Whitten, Norman E.. The structure of kinship and marriage among the Canelos Quichua of east-central Ecuador

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Publication Information

Paragraph Subjects (OCM)

Publication Information The main body of the Publication Information page contains all the metadata that HRAF holds for that document.

Author: Author's name as listed in Library of Congress records

Title: The structure of kinship and marriage among the Canelos Quichua of east-central Ecuador

Published in: if part or section of a book or monograph Marriage practices in lowland South America, edited by Kenneth M. Kensinger

Published By: Original publisher Marriage practices in lowland South America, edited by Kenneth M. Kensinger Urbana: University of Illinois Press. 1984. 194-220, 265-283 p. ill.

By line: Author's name as appearing in the actual publication Norman E. Whitten, Jr., and Dorothea S. Whitten

HRAF Publication Information: New Haven, Conn.: Human Relations Area Files, 2010. Computer File

Culture: Culture name from the Outline of World Cultures (OWC) with the alphanumberic OWC identifier in parenthesis. Canelos Quichua (SD18)

Subjects: Document-level OCM identifiers given by the anthropology subject indexers at HRAF Kindreds and ramages (612); Household (592); a602; Kinship terminology (601); Marriage (580); Shamans and psychotherapists (756); Burial practices and funerals (764); Religious beliefs (770);

Abstract: Brief abstract written by HRAF anthropologists who have done the subject indexing for the document This is a detailed study of kinship structure and marriaage among the Canelos Quichua of East-Central Ecuador. For the Canelos Quichua, marriage consists of a process of spouse acquisition (for a man, [n]huarmiyuj[/n], or the 'possession of a woman'; for a woman, [n]cariyuj[/n], 'possession of a man'), the entire process which takes about three years to accomplish. During this period the authors describe how segments of maximal [n]ayllus[/n] are linked, residence shifts take place, territoriality somewhat redefined, fictive kinship ([i]gumba[/i] relations established, and a micro-universe [n]huasi[/n] or household, founded. All of these events take place within the constraints of the kin class system and the system of shamanism (p. 196).

Document Number: HRAF's in-house numbering system derived from the processing order of documents 3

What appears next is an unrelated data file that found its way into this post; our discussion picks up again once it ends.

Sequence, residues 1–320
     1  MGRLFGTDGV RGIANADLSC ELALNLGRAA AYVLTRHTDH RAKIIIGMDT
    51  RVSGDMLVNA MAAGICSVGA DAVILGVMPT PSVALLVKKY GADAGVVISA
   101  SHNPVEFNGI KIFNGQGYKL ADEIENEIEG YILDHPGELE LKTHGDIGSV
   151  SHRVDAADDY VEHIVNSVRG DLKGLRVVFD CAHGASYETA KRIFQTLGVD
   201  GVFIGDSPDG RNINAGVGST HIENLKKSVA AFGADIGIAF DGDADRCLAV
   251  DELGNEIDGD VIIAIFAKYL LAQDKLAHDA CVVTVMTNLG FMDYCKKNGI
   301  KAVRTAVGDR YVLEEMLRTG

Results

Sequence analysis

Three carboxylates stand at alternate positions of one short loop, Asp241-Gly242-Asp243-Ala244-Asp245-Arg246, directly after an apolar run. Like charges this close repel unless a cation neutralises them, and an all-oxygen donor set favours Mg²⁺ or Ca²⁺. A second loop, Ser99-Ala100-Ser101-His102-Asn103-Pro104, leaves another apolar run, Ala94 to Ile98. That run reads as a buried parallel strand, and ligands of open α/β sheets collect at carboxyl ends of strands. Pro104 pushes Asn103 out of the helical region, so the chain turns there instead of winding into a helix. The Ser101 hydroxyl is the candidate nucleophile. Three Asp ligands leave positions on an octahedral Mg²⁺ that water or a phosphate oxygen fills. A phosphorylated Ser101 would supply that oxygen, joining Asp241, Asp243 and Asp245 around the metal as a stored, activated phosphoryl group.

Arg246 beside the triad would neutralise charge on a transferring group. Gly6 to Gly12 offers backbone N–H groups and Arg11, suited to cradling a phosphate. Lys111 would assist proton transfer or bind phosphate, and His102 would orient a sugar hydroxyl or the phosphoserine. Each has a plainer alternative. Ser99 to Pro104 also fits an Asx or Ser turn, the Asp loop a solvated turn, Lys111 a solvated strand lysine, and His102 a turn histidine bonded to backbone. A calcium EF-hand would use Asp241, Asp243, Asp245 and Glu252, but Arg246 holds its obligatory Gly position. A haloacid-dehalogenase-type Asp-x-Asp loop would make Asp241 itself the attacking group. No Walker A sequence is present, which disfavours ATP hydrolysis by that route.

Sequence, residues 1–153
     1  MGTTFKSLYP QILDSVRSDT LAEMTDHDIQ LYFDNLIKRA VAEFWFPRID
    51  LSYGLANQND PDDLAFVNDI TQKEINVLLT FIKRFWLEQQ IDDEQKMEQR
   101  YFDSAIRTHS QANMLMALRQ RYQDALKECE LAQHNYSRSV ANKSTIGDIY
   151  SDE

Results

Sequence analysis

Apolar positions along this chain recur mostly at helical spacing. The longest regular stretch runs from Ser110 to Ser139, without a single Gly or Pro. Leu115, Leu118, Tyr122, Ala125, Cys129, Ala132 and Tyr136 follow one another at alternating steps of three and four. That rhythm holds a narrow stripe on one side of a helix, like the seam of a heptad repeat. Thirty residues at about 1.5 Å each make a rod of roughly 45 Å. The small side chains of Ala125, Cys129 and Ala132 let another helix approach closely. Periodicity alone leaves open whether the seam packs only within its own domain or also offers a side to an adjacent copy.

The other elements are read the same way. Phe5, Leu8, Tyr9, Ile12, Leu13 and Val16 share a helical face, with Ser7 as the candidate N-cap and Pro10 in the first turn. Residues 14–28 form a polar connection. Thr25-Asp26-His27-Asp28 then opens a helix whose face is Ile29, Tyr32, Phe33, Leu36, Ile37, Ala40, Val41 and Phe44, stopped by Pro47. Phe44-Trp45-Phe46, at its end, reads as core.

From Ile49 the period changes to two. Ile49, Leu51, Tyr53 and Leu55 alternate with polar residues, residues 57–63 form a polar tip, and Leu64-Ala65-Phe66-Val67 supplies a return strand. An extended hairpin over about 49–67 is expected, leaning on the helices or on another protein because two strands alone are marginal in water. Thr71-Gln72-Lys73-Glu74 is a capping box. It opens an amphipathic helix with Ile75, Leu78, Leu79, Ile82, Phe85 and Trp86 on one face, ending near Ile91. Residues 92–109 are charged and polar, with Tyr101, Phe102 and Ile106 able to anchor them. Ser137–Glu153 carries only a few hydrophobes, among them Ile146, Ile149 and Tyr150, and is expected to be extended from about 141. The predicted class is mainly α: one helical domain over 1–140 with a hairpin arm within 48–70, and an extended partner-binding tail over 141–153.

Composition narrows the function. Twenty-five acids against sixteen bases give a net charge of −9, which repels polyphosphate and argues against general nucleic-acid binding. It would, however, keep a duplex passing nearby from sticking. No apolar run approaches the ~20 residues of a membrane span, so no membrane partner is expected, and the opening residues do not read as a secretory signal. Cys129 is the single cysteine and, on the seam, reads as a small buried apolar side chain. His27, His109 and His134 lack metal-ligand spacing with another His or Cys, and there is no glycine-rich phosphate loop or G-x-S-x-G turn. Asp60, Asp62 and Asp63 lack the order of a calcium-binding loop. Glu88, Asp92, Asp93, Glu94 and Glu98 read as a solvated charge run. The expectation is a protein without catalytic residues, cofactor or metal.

Document ID: HRAF's unique document identifier. The first part is the OWC identifier and the second part is the document number in three digits. sd18-003

Document Type: May include journal articles, essays, collections of essays, monographs or chapters/parts of monographs. Essay

Language: Language that the document is written in English

Note: Includes bibliographical references (p.265-283)

Field Date: The date the researcher conducted the fieldwork or archival research that produced the document 1968-1976

Evaluation: In this alphanumeric code, the first part designates the type of person writing the document, e.g. Ethnographer, Missionary, Archaeologist, Folklorist, Linguist, Indigene, and so on. The second part is a ranking done by HRAF anthropologists based on the strength of the source material on a scale of 1 to 5, as follows: 1 - poor; 2 - fair; 3 - good, useful data, but not uniformly excellent; 4 - excellent secondary data; 5 - excellent primary data Ethnologists-5

Analyst: The HRAF anthropologist who subject indexed the document and prepared other materials for the eHRAF culture/tradition collection. John Beierle; 2009

Coverage Date: The date or dates that the information in the document pertains to (often not the same as the field date). 1968-1979

Coverage Place: Location of the research culture or tradition (often a smaller unit such as a band, community, or archaeological site) Pastaza province, Ecuador

LCSH: Library of Congress Subject Headings Canelo Indians


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